Transition

 

Pilots


The boy's dreams become the man who dreamt them. Summertime, 1949 - somewhere in Indiana 

At eight and seven respectively, my cousin Ron and I had been co-pilots for as long as I could remember. Together we had refought the entire Second World War from the cockpit of the most elegant, fastest and maneuverable airplane the world had ever seen.

Our deft craft was approachable only from the hayloft, easily the weakest and least safe part of the old barn, which, had there been anyone with the energy to do it, should have been torn down a generation earlier. Howard Hughes had his plywood Spruce Goose--we had the rotting wood, flying barn. But when you're seven and eight years old you see things in your own special way and fear is a function of selective consciousness.

There was a space where the shed roof had sagged and separated from the eaves at the hayloft's edge, leaving an opening that looked remarkably like the front of a B-17 bomber. (Well, we thought so.) Underneath, right next to the landing gear, the pigs snorted and grunted in the mud and straw. With crayons and paint and old boards, we labored at our artistic and scientific best to create controls and gauges and signs and all kinds of stuff with which to fly the thing. Fly we did for untold hours over those two summers. The war had been over for a few years, but we still had plenty of maps and pictures to plan our attacks with...we were the best. It was during one of these flights of fancy that Ron and I made a bond about flying. A promise to each other that no matter what, we would both grow up to be pilots. We pricked our fingers and traded blood in solemn oath.

Life, however, has a way of directing us away from our most enthusiastically planned dreams. The last time I saw Ron was that summer of 1949. Well, the last time for about thirty-three years anyway. After my father's death, the family moved east and we lost track of the cousins. We moved, they moved, there was no way to find them.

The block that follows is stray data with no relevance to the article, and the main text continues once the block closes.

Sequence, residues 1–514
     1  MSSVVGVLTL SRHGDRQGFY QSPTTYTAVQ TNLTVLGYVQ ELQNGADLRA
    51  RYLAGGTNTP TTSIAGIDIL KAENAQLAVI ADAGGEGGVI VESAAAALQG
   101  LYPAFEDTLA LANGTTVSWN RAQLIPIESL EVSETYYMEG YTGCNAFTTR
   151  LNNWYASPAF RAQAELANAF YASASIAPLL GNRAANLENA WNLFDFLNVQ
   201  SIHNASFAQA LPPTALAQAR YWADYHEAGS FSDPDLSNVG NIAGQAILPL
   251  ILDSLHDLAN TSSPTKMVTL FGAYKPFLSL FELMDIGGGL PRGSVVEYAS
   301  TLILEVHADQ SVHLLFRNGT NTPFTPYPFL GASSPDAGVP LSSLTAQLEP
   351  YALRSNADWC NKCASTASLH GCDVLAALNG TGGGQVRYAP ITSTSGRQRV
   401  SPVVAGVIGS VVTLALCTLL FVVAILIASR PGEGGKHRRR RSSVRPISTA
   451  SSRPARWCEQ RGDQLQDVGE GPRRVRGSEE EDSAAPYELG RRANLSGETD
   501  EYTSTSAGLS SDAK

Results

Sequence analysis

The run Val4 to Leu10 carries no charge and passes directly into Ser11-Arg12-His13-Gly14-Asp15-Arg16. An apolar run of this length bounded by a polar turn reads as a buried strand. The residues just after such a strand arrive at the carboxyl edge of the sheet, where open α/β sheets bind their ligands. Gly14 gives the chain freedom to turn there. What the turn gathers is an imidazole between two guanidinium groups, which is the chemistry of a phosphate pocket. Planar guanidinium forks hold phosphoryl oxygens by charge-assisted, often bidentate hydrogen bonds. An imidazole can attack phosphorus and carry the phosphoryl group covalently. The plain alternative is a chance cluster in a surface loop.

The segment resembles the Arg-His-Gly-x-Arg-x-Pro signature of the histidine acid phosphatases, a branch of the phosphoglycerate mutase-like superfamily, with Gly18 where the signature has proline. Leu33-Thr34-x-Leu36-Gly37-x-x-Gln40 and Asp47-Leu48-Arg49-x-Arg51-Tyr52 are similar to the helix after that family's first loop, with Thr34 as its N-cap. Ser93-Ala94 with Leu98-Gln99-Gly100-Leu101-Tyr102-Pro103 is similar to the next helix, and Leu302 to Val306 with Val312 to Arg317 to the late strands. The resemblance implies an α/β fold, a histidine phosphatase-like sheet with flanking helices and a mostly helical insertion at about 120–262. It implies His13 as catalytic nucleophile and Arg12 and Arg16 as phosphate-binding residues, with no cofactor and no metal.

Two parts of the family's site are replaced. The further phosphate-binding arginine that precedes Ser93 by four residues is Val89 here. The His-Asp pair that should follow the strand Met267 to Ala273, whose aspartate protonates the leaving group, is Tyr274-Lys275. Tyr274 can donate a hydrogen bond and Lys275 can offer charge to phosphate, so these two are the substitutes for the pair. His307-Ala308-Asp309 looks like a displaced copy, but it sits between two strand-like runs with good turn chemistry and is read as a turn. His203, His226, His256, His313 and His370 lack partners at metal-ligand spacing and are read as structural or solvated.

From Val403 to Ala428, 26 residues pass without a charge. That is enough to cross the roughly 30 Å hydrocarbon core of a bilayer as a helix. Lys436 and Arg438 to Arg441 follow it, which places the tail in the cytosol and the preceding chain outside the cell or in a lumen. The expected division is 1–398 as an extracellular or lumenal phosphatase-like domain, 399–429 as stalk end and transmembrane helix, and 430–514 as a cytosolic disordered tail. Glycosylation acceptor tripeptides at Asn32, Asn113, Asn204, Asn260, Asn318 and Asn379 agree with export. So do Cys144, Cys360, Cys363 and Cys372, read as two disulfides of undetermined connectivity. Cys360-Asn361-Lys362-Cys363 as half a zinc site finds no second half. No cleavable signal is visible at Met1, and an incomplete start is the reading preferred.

One night in 1982, as I sat at the dinner table with my own family, my oldest boy, then twelve, asked about my father's family. There had never been anyone from my side at any family functions, because there weren't any. I was the last namesake until my boys were born. My son was quite taken by that fact. But he was not satisfied with the missing relatives story and kept bugging me in his best twelve year-old fashion about finding them. So in one of those rare moments of divinely guided desperation, knowing of no other way to shut him up, I picked up the phone and called information in Indianapolis and asked for my aunt Zelma by name. Now there happened to be a listing there for the initial "Z". That was close enough and I placed the call. She answered the phone in her strongest 86 year-old voice. Ten days later my son and I arrived in Indianapolis for the reunion.

Of course Ron had gotten his pilot's license. Of course I flew United, mostly. I remember feeling strangely uneasy at the time about the fact that I had not kept that commitment to my cousin. Ron also owned his own plane, a small Piper four-seater. On the second day of our visit we went flying. Neither Ron nor I had forgotten our pledge, but it was never mentioned. There was no need to. A bond had been broken between us that was more than just two kids playing in a barn. It seemed at the time like not really a big thing but it was greater than and different from the thirty years of non-communication. It came to represent the essence of what brings trust into any relationship. We had given our word to each other in solemn oath, and I had broken the oath. It was only two kids playing, but it was really more than that. It was something that we all do many times in life. We make it okay to break our word. We find all the rationale we need to not complete. We do it as individuals, in relationships, families, governments but mostly to ourselves. We make it okay not to keep our promises. There was a part of each of us that I disappointed by not learning to fly. 

We were only a couple of kids playing in the barn, but it must have been pretty important at the time. I think it still is.

© 2007, Kenneth F. Byers

Other Transition Issues, Books

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A permanent state of transition is man's most noble condition. - Juan Ramon Jimenez

Ken Byers holds a Ph.D. in psychology with an emphasis in Men's Studies, one of the few ever awarded in the U.S. Ken is a full time Certified Professional Life Coach specializing in working with men in any form of transition and an instructor of design at San Francisco State University.

His books, "Man In Transition" and "Who Was That Masked man Anyway" are widely acknowledged as primers for men seeking deeper knowledge of creating awareness and understanding of the masculine way. More information on Ken, his work and/or subscription information to the weekly "Spirit Coach" newsletter which deals with elements of the human spirit in short commentary, check the box at www.etropolis.com/coachken/ or www.etropolis.com/coachken/what.htm or www.etropolis.com/coachken/speak.htm or E-Mail You are welcome to share any of Ken's columns with anyone without fee from or to him but please credit to the author. Ken can be reached at: 415.239.6929.



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